Well, well, well, we never thought we’d see the day we became that annoying neighbour telling you to “turn the music down or we’re calling the police”.
And yet here we are, saying it (sensibly) loud and proud for all to hear (minus the police part) – it’s time to turn your volume down. Seriously, we mean it. Your harmful listening habits are doing you no favors.
We’re not trying to kill your buzz because it’s a school night. And no, we couldn’t care less about work in the morning.
Our concern with your volume levels stems from a different place altogether.
Sadly, we can back up our suspicions that your tunes are doing your ears some hearing damage with cold, hard facts propped up by tons of scientific research.
Don’t believe us? You will by the time you’ve finished reading.
Because it’s simple – excessive noise exposure from listening to music is way more normalised and dangerous than you might have previously thought.
To give you some context: 60 Db (decibels) is the average loudness of a normal conversation where neither party is raising their voice.
85 Db is equal to the sound of heavy city traffic, and an average alarm clock rings in at about five or so Db quieter than that – which still sits just under the danger zone in terms of excessive noise exposure.
A chainsaw is 105 Db – which takes us into the red zone in terms of the threat of hearing damage.
You know what else is 105 Db? Listening to your headphones at full volume on most smartphones. That’s where the hearing damage part comes in.
That’s right, your everyday listening habits are equal to channelling the sound of a chainsaw directly into your ear holes on the daily. And that’s only five Db quieter than someone shouting into your ear at full volume from 0 feet away.
Is it any wonder experts worry we might be doing our hearing some serious damage when we neglect to keep our volume at the recommended levels?
There’s a reason Apple introduced warning notifications when they detect that you’ve been listening to your music at sounds greater than 80 Db for a duration longer than 40 hours over the last seven days.
According to Deaf Blind UK, noise experts recommend that you limit your listening to between 60 and 85 Db per session, keeping anything above 100 Db to a strict time limit of 15 minutes if you want to protect your ears from harm.
In fact, the organisation themselves recommend sticking to two thirds of your volume level, max (which is closer to the 60 Db side of things).
They also say that if you sit in a silent room and hear a ringing in your ears that sounds louder than it did the last time you listened out for it, you should probably take a few days off from music altogether or run the risk of making your hearing damage worse.
Say you do decide to ditch the headphones on your morning commute, does that mean you’re safe from harm’s way?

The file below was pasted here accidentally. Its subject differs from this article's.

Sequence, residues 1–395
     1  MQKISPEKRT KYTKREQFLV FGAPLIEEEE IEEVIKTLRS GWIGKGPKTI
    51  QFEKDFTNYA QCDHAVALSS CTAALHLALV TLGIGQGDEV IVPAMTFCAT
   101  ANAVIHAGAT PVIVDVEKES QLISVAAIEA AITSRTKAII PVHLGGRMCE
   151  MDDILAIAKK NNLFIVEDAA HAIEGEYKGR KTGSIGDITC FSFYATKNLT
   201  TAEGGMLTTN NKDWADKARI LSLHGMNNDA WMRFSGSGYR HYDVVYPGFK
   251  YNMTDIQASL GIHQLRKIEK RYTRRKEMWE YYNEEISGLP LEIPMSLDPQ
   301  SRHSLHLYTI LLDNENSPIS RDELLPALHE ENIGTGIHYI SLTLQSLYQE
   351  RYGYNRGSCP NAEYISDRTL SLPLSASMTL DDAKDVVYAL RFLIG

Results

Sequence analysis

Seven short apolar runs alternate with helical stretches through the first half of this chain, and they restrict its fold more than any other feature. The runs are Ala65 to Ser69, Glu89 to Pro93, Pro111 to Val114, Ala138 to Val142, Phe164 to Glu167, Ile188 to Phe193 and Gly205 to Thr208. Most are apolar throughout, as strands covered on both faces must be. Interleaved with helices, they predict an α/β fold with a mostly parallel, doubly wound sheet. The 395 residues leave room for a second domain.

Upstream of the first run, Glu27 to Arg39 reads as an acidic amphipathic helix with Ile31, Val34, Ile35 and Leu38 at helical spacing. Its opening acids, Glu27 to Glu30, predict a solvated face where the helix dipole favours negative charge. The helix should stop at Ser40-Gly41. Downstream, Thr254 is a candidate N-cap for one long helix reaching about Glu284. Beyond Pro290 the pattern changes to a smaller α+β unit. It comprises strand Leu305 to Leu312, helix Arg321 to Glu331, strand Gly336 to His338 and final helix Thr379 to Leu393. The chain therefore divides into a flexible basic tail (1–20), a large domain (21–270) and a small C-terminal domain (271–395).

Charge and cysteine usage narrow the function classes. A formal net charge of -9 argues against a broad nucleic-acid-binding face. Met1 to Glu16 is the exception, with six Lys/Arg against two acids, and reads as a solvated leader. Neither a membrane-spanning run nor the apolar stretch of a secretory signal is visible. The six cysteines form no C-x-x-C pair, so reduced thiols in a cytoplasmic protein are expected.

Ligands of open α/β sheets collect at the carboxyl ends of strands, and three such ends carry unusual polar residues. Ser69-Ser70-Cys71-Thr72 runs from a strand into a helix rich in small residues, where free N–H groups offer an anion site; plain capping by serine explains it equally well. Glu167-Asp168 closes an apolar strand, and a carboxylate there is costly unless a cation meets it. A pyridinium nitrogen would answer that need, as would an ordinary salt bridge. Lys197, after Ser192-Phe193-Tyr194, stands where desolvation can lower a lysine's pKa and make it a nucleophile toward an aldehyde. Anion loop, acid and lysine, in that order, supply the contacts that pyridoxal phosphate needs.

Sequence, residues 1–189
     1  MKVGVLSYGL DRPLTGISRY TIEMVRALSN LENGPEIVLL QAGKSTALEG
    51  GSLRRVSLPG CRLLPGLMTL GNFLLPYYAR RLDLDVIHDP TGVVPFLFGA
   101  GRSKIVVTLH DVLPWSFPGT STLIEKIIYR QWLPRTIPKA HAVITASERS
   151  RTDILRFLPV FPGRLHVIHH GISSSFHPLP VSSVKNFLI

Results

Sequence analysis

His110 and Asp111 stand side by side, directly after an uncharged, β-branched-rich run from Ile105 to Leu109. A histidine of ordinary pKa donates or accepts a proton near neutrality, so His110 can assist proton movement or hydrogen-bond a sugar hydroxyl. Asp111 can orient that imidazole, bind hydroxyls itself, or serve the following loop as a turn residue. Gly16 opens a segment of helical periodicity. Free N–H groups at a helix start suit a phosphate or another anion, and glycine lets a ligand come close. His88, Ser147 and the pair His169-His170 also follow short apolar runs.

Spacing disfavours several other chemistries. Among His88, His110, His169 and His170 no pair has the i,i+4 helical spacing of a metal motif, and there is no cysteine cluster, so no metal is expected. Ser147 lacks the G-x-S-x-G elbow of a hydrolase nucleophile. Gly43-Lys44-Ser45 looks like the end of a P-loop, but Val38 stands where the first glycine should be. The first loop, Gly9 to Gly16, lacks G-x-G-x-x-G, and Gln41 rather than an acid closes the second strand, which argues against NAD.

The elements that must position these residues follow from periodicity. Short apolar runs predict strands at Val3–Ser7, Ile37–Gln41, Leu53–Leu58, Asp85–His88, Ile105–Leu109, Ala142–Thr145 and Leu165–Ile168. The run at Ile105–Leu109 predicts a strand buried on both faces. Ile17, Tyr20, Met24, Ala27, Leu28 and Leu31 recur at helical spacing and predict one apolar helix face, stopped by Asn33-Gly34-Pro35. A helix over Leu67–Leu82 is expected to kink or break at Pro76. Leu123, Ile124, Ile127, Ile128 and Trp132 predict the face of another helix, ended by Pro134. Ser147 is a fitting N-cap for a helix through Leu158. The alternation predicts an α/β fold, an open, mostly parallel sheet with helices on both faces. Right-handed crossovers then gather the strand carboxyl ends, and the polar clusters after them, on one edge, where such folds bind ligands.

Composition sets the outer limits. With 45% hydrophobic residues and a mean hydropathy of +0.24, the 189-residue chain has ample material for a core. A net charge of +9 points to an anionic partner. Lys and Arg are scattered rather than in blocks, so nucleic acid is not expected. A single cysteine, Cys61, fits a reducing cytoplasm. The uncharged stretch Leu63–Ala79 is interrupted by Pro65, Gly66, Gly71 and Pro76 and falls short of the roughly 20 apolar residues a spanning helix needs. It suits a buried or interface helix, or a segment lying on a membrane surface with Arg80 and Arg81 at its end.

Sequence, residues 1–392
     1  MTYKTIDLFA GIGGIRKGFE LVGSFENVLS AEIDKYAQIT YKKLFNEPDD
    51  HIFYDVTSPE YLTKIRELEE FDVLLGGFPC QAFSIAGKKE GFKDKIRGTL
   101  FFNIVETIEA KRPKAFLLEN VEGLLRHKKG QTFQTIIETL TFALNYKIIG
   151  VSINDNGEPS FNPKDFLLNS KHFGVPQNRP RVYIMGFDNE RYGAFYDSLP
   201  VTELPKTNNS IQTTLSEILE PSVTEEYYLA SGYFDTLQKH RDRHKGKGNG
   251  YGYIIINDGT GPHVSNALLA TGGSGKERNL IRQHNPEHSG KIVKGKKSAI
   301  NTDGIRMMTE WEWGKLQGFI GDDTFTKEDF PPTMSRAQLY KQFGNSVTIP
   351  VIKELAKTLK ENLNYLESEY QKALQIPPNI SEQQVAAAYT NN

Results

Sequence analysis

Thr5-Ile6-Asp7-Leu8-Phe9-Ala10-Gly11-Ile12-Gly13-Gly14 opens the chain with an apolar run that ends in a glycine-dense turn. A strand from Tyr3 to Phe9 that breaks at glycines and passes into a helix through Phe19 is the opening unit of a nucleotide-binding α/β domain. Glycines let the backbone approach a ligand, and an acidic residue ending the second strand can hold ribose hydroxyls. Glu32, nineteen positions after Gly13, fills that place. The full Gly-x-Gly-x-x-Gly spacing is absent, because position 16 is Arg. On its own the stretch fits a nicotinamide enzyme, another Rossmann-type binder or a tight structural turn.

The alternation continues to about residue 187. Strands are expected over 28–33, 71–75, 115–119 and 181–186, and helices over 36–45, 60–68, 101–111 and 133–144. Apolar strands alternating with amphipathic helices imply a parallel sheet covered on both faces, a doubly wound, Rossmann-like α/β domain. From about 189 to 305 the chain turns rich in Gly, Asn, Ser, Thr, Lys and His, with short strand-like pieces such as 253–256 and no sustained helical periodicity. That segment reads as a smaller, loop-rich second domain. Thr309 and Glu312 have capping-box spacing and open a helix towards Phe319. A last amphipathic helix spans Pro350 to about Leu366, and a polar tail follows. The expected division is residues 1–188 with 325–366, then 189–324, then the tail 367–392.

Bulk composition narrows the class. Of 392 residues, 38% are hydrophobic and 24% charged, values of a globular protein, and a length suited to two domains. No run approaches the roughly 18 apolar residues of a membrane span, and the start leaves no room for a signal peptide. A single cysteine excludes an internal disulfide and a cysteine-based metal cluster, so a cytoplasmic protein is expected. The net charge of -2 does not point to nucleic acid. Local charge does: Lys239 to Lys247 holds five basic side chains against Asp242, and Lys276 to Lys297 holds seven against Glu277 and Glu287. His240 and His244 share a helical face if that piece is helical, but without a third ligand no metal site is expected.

Not quite, unfortunately.
If you’d classify yourself as a bit of a weekend raver, chances are you’re still doing your ears some hearing damage, even if you always heed your iPhone’s listening advice.
If you’re standing about a metre away from a speaker in a nightclub, chances are you’re being exposed to at least 100 Db of noise over a number of hours (which is well over your recommended dosage of thumping bass).
The Center for Disease Control and Prevention estimates that this figure can be even higher, citing concerts and live events as a noise risk closer to 110 Db – a number that causes hearing loss within five minutes of exposure.
In other words, it’s pretty noisy. No wonder you might find your ears ringing for days after attending a festival or live music concert.
Recognise the annoying ringing sound we’re on about? There’s a name for it: tinnitus.
It’s a common side effect of Loud Noise-Induced Hearing Loss. It can last anywhere from a few hours to the rest of your life (in some extreme cases).
Though it tends to affect older adults more, it’s a pretty noticeable way of detecting when you’ve been a bit too trigger happy with the volume button.
It’s not uncommon for loud music lovers to experience side effects like tinnitus, hearing difficulty, and ear pain after a particularly noise-heavy week.
If you’re relating to this a bit too much, don’t stress. What’s also common is for these symptoms to clear up in a matter of days, meaning they didn’t cause any long-term hearing damage. But that happens only if you give the clubbing a miss and ditch your earphones for a little while.
As with the best things in life, loud music should be consumed in moderation.
Keeping your earphones to no more than two thirds volume, limiting listening time to under an hour a day, and wearing ear protectors at the club (yes, it’s possible to still look cool doing so), are all relatively easy ways to ensure that your music obsession doesn’t result in a long-term hearing damage.
As any true music-lover will surely know, the only thing worse than not being able to listen to your music at full volume is not being able to hear it at all.